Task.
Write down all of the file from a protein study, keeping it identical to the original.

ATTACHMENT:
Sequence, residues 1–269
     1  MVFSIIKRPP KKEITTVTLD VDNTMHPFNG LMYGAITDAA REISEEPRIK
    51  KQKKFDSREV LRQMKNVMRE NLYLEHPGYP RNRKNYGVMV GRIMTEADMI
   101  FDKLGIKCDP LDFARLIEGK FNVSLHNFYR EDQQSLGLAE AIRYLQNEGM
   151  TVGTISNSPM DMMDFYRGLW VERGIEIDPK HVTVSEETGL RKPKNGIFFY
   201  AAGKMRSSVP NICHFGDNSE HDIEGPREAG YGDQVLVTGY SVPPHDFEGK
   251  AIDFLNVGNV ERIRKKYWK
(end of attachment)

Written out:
Sequence, residues 1–269
     1  MVFSIIKRPP KKEITTVTLD VDNTMHPFNG LMYGAITDAA REISEEPRIK
    51  KQKKFDSREV LRQMKNVMRE NLYLEHPGYP RNRKNYGVMV GRIMTEADMI
   101  FDKLGIKCDP LDFARLIEGK FNVSLHNFYR EDQQSLGLAE AIRYLQNEGM
   151  TVGTISNSPM DMMDFYRGLW VERGIEIDPK HVTVSEETGL RKPKNGIFFY
   201  AAGKMRSSVP NICHFGDNSE HDIEGPREAG YGDQVLVTGY SVPPHDFEGK
   251  AIDFLNVGNV ERIRKKYWK